and Resettlement: Social Problem and Hum an Rights Issue (A Global Perspective)’ (2012)
Independent <http:// papers.ssrn.com/sol3/pap ers.cfm?abstract_id =2028490 > accessed
19 January 2015. Bogumil observes that development induced displacement deserves its
profound analysis and to have broad public debate for the reason of mass scale forced
displacement of poor people, tribal and i ndigenous communities in par ticular.
2 Michael M Cer nea, ‘Development-Induced and Conflict-Induced I DPs: Bridging
the Research Divide’ [2006] Forced Migration Review 25. See also, A Oliver-Smith
Journal of National Law University, Delhi [Vol. 372
of development induced displacement given the nature, extent and brutality
of its forms and manifestations. The extent and the gravity of the problem can
be understood from the fact that India has 3600 large dam s and 700 dams
are under construction.3 According to official statistics, about 50 million
poor people have been displaced in India during last five decades out of
which 21.3 million have been displaced exclusively due to the construction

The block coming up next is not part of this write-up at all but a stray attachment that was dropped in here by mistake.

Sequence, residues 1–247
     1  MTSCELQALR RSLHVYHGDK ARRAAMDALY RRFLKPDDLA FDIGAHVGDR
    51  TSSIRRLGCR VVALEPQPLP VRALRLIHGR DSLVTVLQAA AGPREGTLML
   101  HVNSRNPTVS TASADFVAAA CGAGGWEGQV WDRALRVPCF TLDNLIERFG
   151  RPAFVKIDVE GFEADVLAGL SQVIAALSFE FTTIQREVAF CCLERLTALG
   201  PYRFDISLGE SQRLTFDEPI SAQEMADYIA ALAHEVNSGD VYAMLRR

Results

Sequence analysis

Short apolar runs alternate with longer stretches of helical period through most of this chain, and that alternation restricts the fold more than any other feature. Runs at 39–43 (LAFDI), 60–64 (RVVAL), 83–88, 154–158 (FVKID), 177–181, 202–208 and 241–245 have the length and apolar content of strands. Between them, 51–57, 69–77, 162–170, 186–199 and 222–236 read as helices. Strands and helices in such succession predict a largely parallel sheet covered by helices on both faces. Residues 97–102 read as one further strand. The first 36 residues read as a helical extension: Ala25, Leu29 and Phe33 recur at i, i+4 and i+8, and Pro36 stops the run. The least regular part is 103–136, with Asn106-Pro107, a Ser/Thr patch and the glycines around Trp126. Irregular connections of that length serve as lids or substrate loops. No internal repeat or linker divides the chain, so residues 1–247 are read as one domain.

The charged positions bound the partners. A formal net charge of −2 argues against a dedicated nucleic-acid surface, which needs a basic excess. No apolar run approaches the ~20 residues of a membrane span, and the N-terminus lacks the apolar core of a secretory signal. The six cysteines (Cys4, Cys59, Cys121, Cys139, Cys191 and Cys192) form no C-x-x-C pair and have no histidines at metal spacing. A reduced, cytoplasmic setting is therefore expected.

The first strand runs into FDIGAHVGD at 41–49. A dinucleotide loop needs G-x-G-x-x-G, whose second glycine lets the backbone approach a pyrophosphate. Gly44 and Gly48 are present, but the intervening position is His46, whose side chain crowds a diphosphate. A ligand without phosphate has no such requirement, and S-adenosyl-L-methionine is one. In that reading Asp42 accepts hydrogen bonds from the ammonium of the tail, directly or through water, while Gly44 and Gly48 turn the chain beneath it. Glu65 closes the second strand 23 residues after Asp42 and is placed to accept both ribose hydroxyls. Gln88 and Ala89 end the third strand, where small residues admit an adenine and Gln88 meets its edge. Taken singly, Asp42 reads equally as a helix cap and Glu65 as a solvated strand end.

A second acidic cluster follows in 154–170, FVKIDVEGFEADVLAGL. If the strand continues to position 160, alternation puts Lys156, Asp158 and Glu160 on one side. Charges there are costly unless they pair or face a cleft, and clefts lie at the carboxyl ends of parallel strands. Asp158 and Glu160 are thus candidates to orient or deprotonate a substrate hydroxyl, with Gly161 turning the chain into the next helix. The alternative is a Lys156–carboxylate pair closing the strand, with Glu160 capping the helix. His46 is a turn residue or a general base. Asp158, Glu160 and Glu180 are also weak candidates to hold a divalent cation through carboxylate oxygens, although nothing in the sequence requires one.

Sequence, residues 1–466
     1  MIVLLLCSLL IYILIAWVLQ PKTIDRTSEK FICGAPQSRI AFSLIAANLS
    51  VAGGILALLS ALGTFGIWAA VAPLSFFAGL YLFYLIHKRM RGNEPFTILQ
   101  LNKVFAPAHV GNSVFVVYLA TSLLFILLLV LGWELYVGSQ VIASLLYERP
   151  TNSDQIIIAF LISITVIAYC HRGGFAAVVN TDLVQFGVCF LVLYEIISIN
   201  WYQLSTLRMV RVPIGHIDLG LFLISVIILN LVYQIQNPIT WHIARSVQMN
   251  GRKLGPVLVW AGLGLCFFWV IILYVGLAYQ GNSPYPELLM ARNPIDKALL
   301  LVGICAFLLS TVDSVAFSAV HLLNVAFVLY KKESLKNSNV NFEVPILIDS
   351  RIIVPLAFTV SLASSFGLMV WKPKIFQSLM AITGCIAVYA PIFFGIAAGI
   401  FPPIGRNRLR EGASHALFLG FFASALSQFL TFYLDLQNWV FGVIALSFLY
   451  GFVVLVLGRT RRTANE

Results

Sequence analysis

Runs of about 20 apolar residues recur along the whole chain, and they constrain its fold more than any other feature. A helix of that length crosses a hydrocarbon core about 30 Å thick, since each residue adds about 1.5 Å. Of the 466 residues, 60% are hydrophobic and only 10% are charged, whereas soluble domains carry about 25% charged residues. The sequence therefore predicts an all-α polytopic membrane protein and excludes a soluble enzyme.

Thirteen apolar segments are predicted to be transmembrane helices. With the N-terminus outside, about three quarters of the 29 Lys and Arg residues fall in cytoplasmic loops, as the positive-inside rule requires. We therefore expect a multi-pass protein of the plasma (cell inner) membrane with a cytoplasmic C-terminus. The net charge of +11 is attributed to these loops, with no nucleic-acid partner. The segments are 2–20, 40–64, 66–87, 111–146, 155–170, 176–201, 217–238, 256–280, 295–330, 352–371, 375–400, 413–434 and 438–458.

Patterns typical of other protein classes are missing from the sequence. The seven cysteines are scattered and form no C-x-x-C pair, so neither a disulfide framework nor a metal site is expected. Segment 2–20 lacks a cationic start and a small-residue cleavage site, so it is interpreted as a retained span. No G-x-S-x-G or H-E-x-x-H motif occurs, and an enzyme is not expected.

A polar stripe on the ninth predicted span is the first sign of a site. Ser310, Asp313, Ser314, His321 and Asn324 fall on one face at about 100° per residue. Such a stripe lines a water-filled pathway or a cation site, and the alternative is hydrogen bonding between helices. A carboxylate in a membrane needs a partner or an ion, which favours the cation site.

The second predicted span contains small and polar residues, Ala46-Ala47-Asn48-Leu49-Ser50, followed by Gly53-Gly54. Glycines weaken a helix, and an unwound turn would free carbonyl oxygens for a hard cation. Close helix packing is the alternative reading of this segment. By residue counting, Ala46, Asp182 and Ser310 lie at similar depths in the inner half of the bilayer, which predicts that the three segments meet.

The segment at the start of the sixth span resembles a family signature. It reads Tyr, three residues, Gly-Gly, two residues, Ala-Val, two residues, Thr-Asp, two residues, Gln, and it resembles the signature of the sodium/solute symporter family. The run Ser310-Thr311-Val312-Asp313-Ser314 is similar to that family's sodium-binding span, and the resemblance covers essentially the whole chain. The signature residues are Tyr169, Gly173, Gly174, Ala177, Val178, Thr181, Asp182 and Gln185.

of dams, 16.4 million for mining, 1.25 million for industrial development and
0.6 million for wildlife sanctuaries and reserved parks.4
In Bastar District of Chhattisgarh alone, more than one lakh tribal have
been displaced with the objective of exploitation of mineral resources under
mining projects. Most land acquisitions, especially in the ‘Red Corridor’ (the
Maoist controlled areas of Chhattisgarh, Orissa, West Bengal, Maharashtra
and Jharkhand) are t aking place by using the coercive power of state. This
is being done through deployment of Para military forces in the name of
fighting Naxals. Naxalism indeed provides legitimacy to state violence
for mass displacement. According to reports, by 2009, security forces had
got 644 tribal villages vacated at gun point.5 Not only the CRPF and the
local police but now the ITBP also has joined the anti Naxal operations.
This is despite the fact the Supreme Court in Salwa Judum ca se6 has held